Prototron Soldermask

Too much is just as bad as not enough

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By Mark Thompson | Published on: August 27, 2018

Greeting’s all. In this month’s column I will be writing once again about what makes up a great incoming dataset for PCB fabrication. However unlike my upcoming mini book on what are the necessary files for fabrication (because so many datasets today are incomplete or require additional clarification based on conflicting drawing notes).

This column will be dedicated to datasets with TOO much data and what problems and delays that causes.

Let me give you an example: IPC 2581. A consortium package that is all inclusive.( Includes the BOM and assembly information as well as design and Image output data in three formats) Please understand as long as there is no CONFLICTING information between the Image data ( and sometimes there is) this dataset can be used. Understand I am writing this from the standpoint of quick but accurate quotes of your PCB not the validity of a given dataset. What does that mean? It means we Love an IPC – 2581 output for manufacturing but for the purpose of a FAST and ACCURATE pre-quote analysis the additional files slow down the QUOTE.

Many Fabricators use Pre-quote software packages such as Insight or Integrator. Both are OUTSTANDING for what they are intended. A pre-quote design check to make sure obvious things like trace and space meet the copper weight defined and that a drill file exists and matches the drill drawing. However datasets such as 2581 or any dataset that includes MULTIPLE image outputs can slow the process down.

We have seen as many as 6 separate ODB++ outputs, some as an ODB folder, some as .TGZ files , some as ODB inside a .zip file all in the same dataset.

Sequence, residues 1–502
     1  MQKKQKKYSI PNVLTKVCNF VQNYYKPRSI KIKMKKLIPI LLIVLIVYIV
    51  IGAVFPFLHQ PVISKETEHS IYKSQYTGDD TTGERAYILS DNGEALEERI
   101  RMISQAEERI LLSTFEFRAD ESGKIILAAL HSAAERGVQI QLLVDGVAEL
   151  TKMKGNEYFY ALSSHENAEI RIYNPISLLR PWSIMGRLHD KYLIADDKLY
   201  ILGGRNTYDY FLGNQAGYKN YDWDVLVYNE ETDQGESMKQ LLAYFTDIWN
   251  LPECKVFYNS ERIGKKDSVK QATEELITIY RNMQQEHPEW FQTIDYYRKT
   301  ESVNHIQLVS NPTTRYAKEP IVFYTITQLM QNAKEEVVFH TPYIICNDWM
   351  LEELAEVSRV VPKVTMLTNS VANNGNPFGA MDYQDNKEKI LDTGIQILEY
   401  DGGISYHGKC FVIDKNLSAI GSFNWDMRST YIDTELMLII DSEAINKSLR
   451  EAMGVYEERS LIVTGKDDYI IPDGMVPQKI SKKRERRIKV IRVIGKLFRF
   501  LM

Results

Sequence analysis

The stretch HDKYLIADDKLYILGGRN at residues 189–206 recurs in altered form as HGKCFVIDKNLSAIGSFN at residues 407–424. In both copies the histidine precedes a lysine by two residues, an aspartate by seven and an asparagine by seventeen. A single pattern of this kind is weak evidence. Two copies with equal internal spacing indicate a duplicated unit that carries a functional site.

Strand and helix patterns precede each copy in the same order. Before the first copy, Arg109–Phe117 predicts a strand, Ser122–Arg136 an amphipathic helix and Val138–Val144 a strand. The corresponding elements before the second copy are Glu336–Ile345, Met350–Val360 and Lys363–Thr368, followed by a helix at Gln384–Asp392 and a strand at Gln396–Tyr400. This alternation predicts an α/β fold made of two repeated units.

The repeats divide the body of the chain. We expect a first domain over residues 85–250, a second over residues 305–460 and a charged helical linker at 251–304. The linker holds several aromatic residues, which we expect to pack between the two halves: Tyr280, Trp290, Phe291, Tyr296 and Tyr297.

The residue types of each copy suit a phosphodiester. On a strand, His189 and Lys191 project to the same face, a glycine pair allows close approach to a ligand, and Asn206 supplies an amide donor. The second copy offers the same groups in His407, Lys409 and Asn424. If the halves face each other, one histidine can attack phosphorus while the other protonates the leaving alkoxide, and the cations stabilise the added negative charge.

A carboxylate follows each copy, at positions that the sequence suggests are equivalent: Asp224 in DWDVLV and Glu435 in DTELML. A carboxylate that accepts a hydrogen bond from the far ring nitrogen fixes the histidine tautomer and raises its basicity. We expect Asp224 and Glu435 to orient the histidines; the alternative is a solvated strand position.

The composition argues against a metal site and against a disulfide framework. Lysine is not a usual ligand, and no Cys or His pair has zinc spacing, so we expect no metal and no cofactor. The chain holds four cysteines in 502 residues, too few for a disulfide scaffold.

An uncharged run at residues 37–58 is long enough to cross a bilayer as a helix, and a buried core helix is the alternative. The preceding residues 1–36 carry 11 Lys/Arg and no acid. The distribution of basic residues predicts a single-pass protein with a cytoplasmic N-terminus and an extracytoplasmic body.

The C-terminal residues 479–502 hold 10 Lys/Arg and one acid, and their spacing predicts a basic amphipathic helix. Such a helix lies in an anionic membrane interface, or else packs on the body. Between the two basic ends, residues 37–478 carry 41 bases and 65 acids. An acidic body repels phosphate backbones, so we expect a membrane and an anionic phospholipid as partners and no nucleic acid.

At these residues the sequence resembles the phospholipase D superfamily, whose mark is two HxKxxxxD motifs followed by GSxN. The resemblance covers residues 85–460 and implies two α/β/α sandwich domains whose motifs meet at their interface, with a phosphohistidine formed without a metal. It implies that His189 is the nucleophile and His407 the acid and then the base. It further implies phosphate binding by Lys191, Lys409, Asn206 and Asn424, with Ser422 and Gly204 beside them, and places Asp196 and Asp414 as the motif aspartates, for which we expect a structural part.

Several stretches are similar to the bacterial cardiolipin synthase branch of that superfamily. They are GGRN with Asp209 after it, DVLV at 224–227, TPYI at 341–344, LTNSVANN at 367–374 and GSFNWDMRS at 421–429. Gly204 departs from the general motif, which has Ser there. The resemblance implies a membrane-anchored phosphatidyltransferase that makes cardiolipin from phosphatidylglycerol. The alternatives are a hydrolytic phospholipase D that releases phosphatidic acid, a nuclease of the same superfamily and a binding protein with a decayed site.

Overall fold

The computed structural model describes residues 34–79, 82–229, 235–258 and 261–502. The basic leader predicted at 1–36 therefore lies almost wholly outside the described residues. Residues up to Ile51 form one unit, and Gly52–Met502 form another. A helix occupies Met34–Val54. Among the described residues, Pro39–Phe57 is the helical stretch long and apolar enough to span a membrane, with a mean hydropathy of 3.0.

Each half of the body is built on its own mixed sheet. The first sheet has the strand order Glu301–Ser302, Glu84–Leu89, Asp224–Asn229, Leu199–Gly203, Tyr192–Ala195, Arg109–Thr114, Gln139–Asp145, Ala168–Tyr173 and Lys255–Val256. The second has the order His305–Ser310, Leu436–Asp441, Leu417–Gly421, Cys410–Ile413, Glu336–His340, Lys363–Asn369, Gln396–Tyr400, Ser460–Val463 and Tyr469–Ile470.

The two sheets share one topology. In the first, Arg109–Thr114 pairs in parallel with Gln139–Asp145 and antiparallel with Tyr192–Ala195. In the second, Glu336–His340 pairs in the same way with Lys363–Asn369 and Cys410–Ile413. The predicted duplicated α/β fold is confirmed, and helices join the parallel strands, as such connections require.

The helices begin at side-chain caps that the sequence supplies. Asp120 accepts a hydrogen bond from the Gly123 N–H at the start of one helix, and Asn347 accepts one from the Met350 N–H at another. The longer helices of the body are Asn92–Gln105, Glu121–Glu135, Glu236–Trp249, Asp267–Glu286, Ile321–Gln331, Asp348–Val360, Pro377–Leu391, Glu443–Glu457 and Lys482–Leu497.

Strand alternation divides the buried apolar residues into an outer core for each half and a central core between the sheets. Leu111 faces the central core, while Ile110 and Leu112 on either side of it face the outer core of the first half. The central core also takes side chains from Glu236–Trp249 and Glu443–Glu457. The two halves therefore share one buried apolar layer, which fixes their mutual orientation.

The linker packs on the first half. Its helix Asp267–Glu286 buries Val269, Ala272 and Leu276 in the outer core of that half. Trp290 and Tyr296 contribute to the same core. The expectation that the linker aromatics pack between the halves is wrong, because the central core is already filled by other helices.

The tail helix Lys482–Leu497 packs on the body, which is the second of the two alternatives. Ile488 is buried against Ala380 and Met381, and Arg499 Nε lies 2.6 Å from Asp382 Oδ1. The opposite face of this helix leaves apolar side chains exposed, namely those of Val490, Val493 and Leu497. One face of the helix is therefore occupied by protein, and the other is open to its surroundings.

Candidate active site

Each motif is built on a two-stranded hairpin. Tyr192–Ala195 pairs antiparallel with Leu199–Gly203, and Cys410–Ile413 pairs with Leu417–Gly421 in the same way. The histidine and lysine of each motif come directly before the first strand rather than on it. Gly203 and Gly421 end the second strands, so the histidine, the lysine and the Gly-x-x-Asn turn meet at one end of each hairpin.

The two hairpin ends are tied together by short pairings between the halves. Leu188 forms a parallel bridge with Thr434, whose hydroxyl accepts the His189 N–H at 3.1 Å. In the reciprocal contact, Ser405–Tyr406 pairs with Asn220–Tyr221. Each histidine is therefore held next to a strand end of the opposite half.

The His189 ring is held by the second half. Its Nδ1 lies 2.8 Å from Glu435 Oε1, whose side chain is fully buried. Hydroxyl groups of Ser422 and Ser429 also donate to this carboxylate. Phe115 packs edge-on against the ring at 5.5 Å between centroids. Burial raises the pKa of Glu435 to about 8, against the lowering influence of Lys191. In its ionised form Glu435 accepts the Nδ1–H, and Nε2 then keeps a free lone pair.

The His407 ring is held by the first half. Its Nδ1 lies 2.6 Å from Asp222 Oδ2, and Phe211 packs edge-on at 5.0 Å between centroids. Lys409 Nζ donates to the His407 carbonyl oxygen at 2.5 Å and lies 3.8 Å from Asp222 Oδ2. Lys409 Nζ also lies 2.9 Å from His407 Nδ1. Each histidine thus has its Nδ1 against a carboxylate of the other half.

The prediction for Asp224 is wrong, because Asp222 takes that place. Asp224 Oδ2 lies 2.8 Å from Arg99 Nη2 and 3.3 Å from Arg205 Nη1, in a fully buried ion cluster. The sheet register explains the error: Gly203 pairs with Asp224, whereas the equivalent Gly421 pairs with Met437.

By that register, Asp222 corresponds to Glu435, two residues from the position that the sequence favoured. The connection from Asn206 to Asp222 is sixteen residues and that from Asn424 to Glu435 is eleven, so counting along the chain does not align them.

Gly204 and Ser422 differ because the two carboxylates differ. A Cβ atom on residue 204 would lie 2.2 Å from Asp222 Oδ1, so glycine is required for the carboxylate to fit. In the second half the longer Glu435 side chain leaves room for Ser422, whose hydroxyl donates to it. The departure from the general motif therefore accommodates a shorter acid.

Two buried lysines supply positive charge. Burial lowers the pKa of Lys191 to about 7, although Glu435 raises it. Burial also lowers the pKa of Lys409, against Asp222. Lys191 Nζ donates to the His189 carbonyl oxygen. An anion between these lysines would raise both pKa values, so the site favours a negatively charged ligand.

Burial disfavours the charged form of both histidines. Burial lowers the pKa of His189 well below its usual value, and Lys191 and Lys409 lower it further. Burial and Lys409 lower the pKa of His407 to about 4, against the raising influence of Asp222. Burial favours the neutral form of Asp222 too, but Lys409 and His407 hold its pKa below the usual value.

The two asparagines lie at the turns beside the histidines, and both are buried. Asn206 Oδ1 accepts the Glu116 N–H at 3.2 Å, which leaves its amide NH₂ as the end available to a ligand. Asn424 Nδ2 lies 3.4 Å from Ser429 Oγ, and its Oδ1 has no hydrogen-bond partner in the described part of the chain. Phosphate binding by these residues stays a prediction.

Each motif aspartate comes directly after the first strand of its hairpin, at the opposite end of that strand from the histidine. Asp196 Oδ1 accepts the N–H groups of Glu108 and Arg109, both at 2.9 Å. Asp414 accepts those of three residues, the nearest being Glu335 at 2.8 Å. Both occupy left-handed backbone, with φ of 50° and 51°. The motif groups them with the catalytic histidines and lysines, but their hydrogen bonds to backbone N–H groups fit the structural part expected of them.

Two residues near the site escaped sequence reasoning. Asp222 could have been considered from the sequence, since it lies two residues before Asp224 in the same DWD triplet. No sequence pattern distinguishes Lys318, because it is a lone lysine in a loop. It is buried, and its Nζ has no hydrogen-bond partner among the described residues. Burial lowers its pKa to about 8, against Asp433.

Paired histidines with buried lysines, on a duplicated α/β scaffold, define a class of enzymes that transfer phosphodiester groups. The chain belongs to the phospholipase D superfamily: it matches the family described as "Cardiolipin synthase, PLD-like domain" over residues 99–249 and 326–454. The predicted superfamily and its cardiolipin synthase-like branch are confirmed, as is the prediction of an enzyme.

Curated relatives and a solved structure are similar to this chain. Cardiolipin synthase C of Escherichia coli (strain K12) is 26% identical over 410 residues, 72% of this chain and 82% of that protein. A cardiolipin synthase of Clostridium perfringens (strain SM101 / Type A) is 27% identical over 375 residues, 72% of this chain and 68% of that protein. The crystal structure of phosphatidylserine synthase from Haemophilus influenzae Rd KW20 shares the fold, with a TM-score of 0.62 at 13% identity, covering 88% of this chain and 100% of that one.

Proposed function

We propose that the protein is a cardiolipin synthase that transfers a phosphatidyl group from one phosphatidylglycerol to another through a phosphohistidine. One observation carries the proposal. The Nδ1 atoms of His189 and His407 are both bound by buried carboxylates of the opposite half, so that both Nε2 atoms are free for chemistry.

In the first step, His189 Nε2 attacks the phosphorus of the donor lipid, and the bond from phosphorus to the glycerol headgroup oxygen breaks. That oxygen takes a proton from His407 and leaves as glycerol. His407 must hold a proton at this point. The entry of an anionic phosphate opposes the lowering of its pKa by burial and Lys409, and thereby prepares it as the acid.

even though the datasets in theory should all be the same, input pre-quote packages must be edited so that only one dataset is checked. Multiple sets will stop the operation and ask for more user information, all of which takes time out of the quote process.

Along those same lines, as long as we are talking about things that will streamline the quote process let’s talk about FILE naming conventions.

Many Design systems have a default for file names as do drawing stack up templates. Most do not match exactly and if there are no z –axis layer designators on the file itself, sometimes it is difficult to tell what layer should be what.

Let me give you an example:

The Image data file template may call inner plane layers “GP1” for Gerber Plane 1 but your stack up may show the physical names of the layer functions. So “GP1” of your Image data may be called “GND” or “PWR” on the stack up describing the layer function more than the layer name.

Most of the time this is not an issue if you are providing an “. EXTREP” file or Extension representation file that describes the layer names vs. the stack up layer names.

Much like with MULTIPLE image datasets, incoming Pre-quote software packages will have trouble with identifying what layer is what and will pause for the operator to give the system more information so it can continue with an analysis.

At least as far as the pre-quote analysis is concerned , if the layer names and stack up layers can match and multiple datasets do not need to be culled prior to running the pre-quote software , the faster the pre-quote software works and the faster you get your quote.

The purpose of this column is NOT to suggest you do not use IPC – 2581 but to suggest for FASTER QUOTES you eliminate duplicate sets of data that slow down the quote process.

Understand neither of the examples I have given above are “show stoppers” that do not allow us to build the part but they do take additional edit time and if discrepancies exist, they must be addressed before fabrication.

In subsequent blogs I will go deeper into what makes a great output fab package.

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